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Bull's-eye! SEC pins charges on SAC Capital's Cohen

Steven A. Cohen
Scott Eells | Bloomberg | Getty Images
Steven A. Cohen

Steven Cohen's long personal immunity to accusations of insider trading that have circled his hedge fund and former employees has come to an end.

The Securities and Exchange Commission announced Friday that Cohen would have to answer to civil claims that he failed to "reasonably supervise" two senior people at SAC Capital who have been accused of engaging in criminal insider trading. Cohen's case is not criminal, however, and the SEC doesn't accuse him of engaging in insider trading.

Instead Cohen will be accused in an administrative hearing of failing to supervise the wrongdoers. Penalties, if any, would be determined through the administrative hearing. The SEC said they could include fines and a bar from the securities industry, which could mean the end for SAC Capital. Alternatively, Cohen could be forced to close his fund to outside investors. He and fellow SAC employees have about $9 billion in the fund.

"Both portfolio managers provided information to Cohen indicating that they may have had access to inside information to support their trading," the SEC said in a statement. "In each case, Cohen received highly suspicious information that should have caused any reasonable hedge fund manager in Cohen's position to take prompt action to determine whether employees under his supervision were engaged in unlawful conduct and to prevent violations of the federal securities laws. Cohen failed to take reasonable steps to investigate and prevent such violations. "

The SEC said these trades allowed SAC to avoid hundreds of millions in losses.

(Read more: Social media reaction to the Cohen charges)

A spokesman for SAC Capital said, "The SEC's administrative proceeding has no merit. Steve Cohen acted appropriately at all times and will fight this charge vigorously. The S.E.C. ignores SAC's exceptional supervisory structure, its extensive compliance policies and procedures, and Steve Cohen's strong support for SAC's compliance program."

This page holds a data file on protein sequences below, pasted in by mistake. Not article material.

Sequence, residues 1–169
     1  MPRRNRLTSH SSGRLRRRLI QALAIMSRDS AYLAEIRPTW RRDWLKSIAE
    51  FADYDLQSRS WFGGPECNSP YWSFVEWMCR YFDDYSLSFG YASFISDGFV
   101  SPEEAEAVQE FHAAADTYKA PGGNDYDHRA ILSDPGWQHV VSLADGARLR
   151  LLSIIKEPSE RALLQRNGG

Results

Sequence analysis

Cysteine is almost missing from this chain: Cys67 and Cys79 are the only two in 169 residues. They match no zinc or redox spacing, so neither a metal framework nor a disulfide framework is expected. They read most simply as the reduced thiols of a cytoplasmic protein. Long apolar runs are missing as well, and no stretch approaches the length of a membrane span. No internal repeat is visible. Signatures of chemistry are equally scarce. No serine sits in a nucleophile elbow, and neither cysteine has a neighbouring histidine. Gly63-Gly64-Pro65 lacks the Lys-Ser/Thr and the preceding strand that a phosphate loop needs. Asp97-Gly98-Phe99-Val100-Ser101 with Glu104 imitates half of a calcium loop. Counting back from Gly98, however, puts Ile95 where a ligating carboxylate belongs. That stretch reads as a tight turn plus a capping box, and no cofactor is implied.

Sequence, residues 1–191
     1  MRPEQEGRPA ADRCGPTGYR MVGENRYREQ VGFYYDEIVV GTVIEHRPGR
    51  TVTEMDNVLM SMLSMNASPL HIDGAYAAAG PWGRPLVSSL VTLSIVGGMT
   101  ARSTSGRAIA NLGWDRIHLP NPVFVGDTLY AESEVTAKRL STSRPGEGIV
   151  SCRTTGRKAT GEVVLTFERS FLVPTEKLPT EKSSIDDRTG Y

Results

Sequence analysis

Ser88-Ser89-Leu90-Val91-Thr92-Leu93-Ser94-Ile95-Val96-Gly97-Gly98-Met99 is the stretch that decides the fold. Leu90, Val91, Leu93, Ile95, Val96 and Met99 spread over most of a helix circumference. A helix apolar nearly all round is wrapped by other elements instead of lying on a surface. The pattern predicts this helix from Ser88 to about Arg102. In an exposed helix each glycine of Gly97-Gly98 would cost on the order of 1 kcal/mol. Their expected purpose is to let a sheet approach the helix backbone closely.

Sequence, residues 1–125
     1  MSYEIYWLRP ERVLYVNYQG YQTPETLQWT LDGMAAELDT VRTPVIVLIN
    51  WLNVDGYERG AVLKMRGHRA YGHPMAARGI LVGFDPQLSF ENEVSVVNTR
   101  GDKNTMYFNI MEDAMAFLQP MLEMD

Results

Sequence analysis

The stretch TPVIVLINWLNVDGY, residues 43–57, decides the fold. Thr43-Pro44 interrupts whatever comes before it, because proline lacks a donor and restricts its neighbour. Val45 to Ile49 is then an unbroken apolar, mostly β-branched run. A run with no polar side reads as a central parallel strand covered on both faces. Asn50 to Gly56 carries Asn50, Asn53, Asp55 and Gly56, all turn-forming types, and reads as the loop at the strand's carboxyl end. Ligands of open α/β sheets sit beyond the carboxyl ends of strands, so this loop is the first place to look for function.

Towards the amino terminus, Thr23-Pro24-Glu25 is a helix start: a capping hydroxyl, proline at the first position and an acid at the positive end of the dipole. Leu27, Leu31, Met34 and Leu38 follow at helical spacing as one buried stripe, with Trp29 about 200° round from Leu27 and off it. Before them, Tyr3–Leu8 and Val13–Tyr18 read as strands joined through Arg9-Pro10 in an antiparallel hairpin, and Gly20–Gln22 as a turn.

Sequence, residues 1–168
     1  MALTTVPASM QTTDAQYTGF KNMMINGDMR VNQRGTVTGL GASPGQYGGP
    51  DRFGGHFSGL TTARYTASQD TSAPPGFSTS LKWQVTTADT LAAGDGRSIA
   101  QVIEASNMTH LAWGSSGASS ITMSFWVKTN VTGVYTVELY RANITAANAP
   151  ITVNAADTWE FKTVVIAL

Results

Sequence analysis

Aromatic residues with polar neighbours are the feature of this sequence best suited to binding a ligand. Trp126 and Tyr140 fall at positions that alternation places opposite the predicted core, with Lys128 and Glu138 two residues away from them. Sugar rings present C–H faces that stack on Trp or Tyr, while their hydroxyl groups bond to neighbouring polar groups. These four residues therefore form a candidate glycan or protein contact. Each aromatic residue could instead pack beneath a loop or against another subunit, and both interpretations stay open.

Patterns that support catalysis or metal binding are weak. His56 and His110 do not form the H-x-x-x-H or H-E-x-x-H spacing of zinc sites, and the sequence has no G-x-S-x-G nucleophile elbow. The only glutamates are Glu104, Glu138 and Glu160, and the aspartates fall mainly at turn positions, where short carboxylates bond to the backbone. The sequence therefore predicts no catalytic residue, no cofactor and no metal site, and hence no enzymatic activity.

The SAC team had some harsh words for how the media is handling the case.

"The press speculates about a lot of things in this case, but one of the possibilities that the press doesn't engage in is the possibility that Steve Cohen didn't do anything wrong. We believe the evidence will show he did nothing wrong," said Dan Kramer, an attorney for SAC Capital.


(Read more: SAC Capital's biggest positions)

A spokesman for Preet Bharara, the U.S. Attorney for the Southern District in Manhattan whose office is investigating SAC Capital, declined to comment on the SEC's action. Earlier in the week, during the Delivering Alpha conference co-sponsored by CNBC and Institutional Investor, Bharara declined to comment on the SAC case as well, but warned about financial cases generally that "no one is too big to jail."

The SEC's charges might be viewed as a victory of sorts for Cohen. Although he has been accused of civil violations of securities laws, the charges are much less serious than those his employees face.

Securities attorney Andrew Stoltmann said the SEC charges were disappointing.

"This was the easiest step for the SEC to take," he said. "The commission gets the big headline that they wanted, but it is a tacit acknowledgement it couldn't make a criminal case against Cohen."

—By CNBC's John Carney. Follow me on Twitter @Carney

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